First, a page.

Saturday 24 March 2012

Olympic Countdown

Since this article first appeared a lot of new information has been revealed and new research has been carried out. This article should be seen as a mere snapshot of the information known at the date of its publication. Several facts may now be outdated or inaccurate.

Less than 12 years after hosting the 1964 Winter Olympics Innsbruck found itself doing so again after the appointed host city, Denver, withdrew because of financial problems and public opposition.

The big hero of winter sport at the time was John Curry (1949-1994). It was his balletic approach to skating that caught the public imagination.

Curry’s Olympic career actually began in 1968. He was placed on the reserve list for the British team going to the Grenoble Olympics. Four years later he made it onto the team proper in Sapporo, Japan.

It was at the 1976 Innsbruck games that John Curry became a household name worldwide. He went to into the games as British and European champion, with the added honour of being chosen as flag-bearer at the opening ceremony. As favourite to win gold Curry was confidant of victory. Then, after completing his gold medal-winning routine, barely off the ice for more than a few minutes, he was handed a German press article.

The following day the press was full of this “interview” with John Curry at which he “came out as gay”. No such interview took place. Denying it would have been pointless, so a press conference (with no press present!) was arranged by British team officials to put across Curry’s response.

What is significant about the affair is that Curry’s skating ability drowned out the more sensational aspects. His sexuality didn’t end his career. No-one had been out at the Olympics before, and Curry seriously thought of pulling out of the up-and-coming World Championships to avoid creating too much distraction. As it happened no such distraction surfaced, and Curry ended his competitive career in 1976 as British, European, World and Olympic champion.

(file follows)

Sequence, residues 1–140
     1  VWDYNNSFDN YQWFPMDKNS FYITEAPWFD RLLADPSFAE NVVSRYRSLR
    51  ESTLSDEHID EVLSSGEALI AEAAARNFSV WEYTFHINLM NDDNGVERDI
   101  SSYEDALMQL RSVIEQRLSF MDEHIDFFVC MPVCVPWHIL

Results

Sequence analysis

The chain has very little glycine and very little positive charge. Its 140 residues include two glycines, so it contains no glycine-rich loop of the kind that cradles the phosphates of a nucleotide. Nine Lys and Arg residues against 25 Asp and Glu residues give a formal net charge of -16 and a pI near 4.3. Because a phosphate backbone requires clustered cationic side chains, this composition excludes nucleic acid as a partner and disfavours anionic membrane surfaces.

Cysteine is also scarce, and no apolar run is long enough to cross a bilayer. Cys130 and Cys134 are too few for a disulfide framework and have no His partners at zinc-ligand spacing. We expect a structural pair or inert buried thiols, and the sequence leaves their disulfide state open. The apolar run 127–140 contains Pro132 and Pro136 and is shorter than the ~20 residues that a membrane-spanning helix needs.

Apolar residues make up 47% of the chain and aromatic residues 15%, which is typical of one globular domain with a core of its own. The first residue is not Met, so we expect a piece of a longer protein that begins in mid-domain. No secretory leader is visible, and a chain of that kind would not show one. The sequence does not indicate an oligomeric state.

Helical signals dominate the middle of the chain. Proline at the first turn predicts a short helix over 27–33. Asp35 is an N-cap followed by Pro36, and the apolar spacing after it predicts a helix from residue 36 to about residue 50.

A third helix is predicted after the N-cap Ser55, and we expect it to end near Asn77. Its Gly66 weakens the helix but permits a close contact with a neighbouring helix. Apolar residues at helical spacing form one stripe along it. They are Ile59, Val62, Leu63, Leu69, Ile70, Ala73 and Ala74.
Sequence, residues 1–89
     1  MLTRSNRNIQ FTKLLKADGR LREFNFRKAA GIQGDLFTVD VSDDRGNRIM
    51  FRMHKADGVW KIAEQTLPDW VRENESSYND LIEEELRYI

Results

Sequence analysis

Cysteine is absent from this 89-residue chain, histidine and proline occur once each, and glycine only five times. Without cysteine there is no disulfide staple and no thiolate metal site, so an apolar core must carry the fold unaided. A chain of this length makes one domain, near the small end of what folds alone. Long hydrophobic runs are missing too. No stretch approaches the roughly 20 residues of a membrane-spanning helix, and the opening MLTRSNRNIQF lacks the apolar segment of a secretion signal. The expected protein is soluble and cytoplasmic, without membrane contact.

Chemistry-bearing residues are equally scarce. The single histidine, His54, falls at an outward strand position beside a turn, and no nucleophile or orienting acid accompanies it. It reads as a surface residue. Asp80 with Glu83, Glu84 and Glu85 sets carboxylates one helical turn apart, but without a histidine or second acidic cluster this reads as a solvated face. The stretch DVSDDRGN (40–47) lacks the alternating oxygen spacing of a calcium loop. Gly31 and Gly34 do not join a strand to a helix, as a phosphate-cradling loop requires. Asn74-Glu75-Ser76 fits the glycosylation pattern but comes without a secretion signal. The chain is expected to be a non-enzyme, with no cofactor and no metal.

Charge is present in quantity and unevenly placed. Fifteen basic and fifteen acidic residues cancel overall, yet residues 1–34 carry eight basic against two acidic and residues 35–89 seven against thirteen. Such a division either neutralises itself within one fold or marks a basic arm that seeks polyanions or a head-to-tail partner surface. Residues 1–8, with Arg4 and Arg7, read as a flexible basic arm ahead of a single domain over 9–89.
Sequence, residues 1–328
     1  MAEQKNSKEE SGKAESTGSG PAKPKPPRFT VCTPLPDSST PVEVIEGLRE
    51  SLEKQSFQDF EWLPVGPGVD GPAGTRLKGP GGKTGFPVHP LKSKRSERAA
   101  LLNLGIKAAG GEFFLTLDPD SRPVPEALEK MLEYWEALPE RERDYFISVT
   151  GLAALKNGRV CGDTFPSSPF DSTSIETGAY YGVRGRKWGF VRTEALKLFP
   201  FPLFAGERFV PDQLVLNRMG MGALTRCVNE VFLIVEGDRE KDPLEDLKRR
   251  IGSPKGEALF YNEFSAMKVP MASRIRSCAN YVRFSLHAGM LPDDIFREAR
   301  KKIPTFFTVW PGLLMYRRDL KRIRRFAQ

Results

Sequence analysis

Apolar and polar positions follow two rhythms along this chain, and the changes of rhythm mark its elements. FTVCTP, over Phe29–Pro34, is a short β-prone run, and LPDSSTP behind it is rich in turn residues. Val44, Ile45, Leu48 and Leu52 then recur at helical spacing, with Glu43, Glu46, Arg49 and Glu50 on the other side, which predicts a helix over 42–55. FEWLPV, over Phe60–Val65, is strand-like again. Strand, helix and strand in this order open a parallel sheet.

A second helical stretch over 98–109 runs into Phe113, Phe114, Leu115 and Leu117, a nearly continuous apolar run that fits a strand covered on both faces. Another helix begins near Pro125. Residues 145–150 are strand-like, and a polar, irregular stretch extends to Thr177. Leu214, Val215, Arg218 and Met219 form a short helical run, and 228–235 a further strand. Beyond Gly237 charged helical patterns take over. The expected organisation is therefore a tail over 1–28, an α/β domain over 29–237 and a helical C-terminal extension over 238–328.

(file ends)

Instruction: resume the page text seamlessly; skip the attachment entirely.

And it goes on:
As a 15-year-old in the UK, I was certainly unaware of any adverse press coverage on Curry’s sexuality. What mattered more was that he’d won an Olympic gold medal. The only change it made to Curry himself was that he didn’t wear stage make-up in the Olympic ice gala at the end of the skating competition in case people said he looked effeminate.

When he arrived back in England Curry was received like a hero. No-one cared that he was gay. That is, not until the glare of his Olympic win had faded. After moving to America to escape media intrusion Curry was diagnosed with AIDS and returned to England. He died in 1994.

John Curry’s artistic interpretations inspired the skater who stood to his left on the medal podium. Bronze medal winner, Canadian skater Toller Cranston making his 2nd Olympic appearance. Such was the appeal of the new Curry/Cranston style of artistic figure skating that the actual skating of ice figures was dropped in 1990.

Curry and Toller both turned professional in 1976. They performed successfully in ice shows and tv specials, working together in the ice ballet “The Snow Queen” in 1982. Toller Cranston is now a successful artist and painter.

I’ll not call pairs skating a “team” event as such, but if I did the Innsbruck games would have its first lgbt team competitor in Randy Gardner. With skating partner Tai Babilonia Randy was US pairs skating champion going into the Olympics and they had high medal hopes. They finished 5th, the same position they reached at the World Championships the following month. Every year until the next winter games Randy and Tai were US pairs champions, and World champions in 1978. It seemed nothing could stop them winning gold at the next winter Olympics.

We will return to Canada next time and the 1976 summer games in Montréal.

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